Help with proof of equivalence

In summary, the conversation is about the equivalence between two statements involving quantifiers and a proposition. The conditions for this equivalence are that the variable v occurs free in Fv at all and only in the places where u occurs free in Fu, and that the proposition p contains no free occurrences of v. The proof of this equivalence can be shown by representing the implication as a disjunction and using de Morgan's law for quantifiers.
  • #1
agapito
49
0
Consider the equivalence:

(∀v Fv -> p) <=> (∃u Fu -> p)

Where variable v occurs free in Fv at all and only those places that u occurs free in Fu, and p is a proposition containing no free occurences of variable v.

Can someone please offer a proof of such equivalence. Many thanks. am
 
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  • #2
I am not sure what it means to occur free "at all", and I don't understand the phrase "only those places that u occurs free in Fu". What is claimed about the places where u occurs free?

Perhaps your equivalence is $\forall v\,(Fv\to p)\iff (\exists u\,Fu)\to p$ or $(\forall v\,Fv)\to p\iff \exists u\,(Fu\to p)$. This is easy to show if you represent $A\to B$ as $\neg A\lor B$ and use de Morgan's law for quantifiers.
 

Related to Help with proof of equivalence

1. What is proof of equivalence?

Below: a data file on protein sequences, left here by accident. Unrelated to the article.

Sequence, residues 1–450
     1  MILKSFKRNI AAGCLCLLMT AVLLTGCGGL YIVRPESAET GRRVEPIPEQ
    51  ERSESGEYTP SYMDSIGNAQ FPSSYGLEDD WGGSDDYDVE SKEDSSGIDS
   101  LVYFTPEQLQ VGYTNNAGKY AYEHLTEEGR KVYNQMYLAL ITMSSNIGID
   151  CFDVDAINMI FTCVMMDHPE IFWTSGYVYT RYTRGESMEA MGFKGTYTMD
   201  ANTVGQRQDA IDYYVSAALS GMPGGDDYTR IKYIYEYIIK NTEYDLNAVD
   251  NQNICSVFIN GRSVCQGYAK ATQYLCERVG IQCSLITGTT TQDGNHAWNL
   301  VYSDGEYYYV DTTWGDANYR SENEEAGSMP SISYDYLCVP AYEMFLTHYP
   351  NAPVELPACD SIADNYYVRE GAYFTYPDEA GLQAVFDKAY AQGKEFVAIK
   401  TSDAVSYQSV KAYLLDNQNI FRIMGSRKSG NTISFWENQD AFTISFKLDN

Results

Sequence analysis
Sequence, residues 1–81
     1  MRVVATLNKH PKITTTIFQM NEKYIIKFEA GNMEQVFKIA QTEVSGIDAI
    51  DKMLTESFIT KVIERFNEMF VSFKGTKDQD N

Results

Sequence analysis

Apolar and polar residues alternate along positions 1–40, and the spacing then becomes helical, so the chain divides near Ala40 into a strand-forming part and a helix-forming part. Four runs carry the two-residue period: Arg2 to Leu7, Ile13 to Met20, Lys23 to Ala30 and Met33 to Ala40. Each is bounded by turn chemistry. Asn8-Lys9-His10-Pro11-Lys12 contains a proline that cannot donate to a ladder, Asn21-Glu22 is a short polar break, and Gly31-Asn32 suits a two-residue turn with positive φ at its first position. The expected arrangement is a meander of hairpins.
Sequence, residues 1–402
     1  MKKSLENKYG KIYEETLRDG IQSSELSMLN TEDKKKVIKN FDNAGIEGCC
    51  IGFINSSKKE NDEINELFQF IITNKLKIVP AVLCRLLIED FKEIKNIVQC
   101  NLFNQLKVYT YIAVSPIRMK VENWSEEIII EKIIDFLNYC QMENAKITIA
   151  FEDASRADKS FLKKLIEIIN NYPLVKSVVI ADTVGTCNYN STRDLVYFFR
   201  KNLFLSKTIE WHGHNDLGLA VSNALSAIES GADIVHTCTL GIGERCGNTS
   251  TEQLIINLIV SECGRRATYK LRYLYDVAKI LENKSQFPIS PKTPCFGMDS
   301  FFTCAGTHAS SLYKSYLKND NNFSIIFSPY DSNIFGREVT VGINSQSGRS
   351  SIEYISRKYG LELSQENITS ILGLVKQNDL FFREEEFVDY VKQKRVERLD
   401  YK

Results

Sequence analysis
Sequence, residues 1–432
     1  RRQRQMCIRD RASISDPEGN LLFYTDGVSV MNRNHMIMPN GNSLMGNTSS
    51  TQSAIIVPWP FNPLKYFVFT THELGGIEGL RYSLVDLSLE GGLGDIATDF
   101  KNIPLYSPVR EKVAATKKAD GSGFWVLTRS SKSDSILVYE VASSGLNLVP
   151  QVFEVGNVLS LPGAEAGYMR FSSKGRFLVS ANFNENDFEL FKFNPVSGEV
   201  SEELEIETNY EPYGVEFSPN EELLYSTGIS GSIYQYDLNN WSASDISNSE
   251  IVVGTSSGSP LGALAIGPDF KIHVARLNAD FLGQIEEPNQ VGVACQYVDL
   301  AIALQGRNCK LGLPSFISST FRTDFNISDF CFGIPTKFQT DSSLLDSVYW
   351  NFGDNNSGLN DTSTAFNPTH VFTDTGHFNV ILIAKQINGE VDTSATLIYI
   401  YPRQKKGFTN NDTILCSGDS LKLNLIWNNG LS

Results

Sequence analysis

Proof of equivalence is a mathematical or logical method used to show that two systems, concepts, or theories are equivalent. It involves demonstrating that the properties, behaviors, or outcomes of the two systems are identical or interchangeable.

2. Why is proof of equivalence important?

Proof of equivalence is important because it allows us to establish a relationship between two seemingly different systems or concepts. It helps us to understand the connections and similarities between them, and can also be used to simplify complex problems by reducing them to a known equivalent system.

3. What are some common techniques used for proof of equivalence?

Some common techniques used for proof of equivalence include mathematical induction, direct proof, contradiction, and structural induction. These techniques involve breaking down the problem into smaller, more manageable parts and showing that each part is equivalent to the other.

4. Can proof of equivalence be applied to any type of system or concept?

Yes, proof of equivalence can be applied to any type of system or concept as long as there is a clear definition of what it means for the two systems to be equivalent. It is a versatile tool that can be used in various fields such as mathematics, computer science, and physics.

5. How can I improve my skills in providing proof of equivalence?

Improving your skills in providing proof of equivalence requires practice and a good understanding of mathematical and logical concepts. You can also benefit from studying and analyzing existing proofs of equivalence, as well as seeking guidance from experienced mathematicians or scientists.

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